# Air and Flight

Sequence planning: Assess prior knowledge!

Early years
– air is all around us
– wind is moving air
– air fills up spaces if allowed
– air can push or cause pressure on things
– air slows down falling objects such as paper, balls and parachutes
– the shape and size of an object affects the nature of airflow around it, hence the air resistance
– planes and other flying things are held up by the force of air on their wings

What is air?
– Nitrogen – 78%
– Oxygen ~ 21%
– Carbon dioxide ~ 0.04%
– Argon ~ 1%

Middle primary need to know the concentration for each component.

Idea that air/gas moves is extremely important.

Concept of pressure
– real life situations – pumping up a tyre
– force applied to a given area

Wind resistance is important for knowing why people use parachutes etc
Idea that shape and size importance for concept of aerodynamics.

Try not to make leaps in learning, the sequence you teach science is important.

Middle Years

Change in language.

– air in the atmosphere exerts a pressure in all directions
– the atmosphere can exert a surprisingly strong force on objects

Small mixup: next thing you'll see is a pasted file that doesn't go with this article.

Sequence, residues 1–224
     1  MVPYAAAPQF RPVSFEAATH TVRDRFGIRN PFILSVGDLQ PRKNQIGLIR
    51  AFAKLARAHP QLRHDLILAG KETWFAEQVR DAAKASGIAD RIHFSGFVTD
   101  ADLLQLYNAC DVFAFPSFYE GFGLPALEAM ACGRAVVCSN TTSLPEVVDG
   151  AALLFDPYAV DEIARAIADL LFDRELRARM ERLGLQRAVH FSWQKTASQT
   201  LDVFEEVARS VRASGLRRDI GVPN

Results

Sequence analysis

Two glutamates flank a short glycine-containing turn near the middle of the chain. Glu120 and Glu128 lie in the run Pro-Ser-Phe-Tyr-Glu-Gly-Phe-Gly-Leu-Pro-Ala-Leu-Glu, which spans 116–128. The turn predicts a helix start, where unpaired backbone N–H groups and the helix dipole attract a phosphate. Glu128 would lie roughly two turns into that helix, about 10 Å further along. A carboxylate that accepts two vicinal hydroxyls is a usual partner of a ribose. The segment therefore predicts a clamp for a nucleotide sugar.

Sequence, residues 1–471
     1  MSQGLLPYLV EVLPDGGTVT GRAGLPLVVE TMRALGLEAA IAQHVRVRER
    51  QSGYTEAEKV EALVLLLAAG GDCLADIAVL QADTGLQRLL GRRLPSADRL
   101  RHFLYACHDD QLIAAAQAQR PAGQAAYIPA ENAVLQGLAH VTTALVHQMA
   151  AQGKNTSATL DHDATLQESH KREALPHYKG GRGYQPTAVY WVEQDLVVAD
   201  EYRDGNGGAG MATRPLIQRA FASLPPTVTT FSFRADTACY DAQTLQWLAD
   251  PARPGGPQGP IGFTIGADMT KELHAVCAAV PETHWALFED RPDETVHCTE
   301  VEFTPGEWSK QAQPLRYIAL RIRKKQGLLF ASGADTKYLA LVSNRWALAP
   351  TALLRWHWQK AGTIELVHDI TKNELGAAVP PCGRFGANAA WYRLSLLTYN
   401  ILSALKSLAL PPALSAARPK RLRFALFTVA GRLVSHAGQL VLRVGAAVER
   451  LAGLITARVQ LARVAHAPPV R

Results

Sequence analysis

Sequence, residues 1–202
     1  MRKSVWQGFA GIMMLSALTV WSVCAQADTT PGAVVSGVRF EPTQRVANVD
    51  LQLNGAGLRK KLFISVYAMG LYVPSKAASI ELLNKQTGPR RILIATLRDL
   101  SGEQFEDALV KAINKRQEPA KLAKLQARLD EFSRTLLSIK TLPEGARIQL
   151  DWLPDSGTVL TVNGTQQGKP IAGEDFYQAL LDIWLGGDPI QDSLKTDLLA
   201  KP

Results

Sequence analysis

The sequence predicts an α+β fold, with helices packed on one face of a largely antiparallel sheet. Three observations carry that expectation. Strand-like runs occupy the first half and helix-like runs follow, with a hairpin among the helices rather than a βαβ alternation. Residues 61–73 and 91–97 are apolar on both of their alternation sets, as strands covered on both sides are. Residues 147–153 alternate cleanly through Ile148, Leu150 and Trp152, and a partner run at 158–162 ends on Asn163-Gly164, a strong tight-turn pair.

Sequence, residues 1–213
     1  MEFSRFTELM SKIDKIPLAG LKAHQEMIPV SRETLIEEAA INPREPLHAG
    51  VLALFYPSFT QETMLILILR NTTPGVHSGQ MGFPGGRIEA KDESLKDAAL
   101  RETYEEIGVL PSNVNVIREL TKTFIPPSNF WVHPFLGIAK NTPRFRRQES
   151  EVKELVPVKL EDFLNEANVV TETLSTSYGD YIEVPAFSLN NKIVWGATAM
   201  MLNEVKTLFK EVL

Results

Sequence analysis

– ‘sucking’ reduces pressure, causing a force imbalance towards the low-pressure region (consider what the know about ‘force’ then ‘force imbalances’, easiest would be the concept of push and pull or Newton’s first law)
– the pressure of air is used in many applications (tyres, hoists, etc)
– air pressure differences tend to equalise
– a moving stream of air has reduced pressure
– air has weight (part of the problem is how we define weight)
– air expands on heating, causing a pressure increase if it is contained
– hot air is less dense (or more spread out) than cold air, and rises
– air consists of a mixture of gases, one of which (O2, dioxide) is necessary for burning
– objects can be shaped to either minimise or maximise the force of air on them
– a flat object such as a plane wing, a boomerang or a paper tube can be supported by forces that arise due to differences in airflow across the top and bottom surfaces
– to every action there is an equal or opposite reaction: a stream of air (or water) forced from a balloon or rocket will cause a force back on the balloon or rocket to propel it
– the force from air on a moving object depends on the surface area, and the shape of the object
– wind is moving air

Upper Years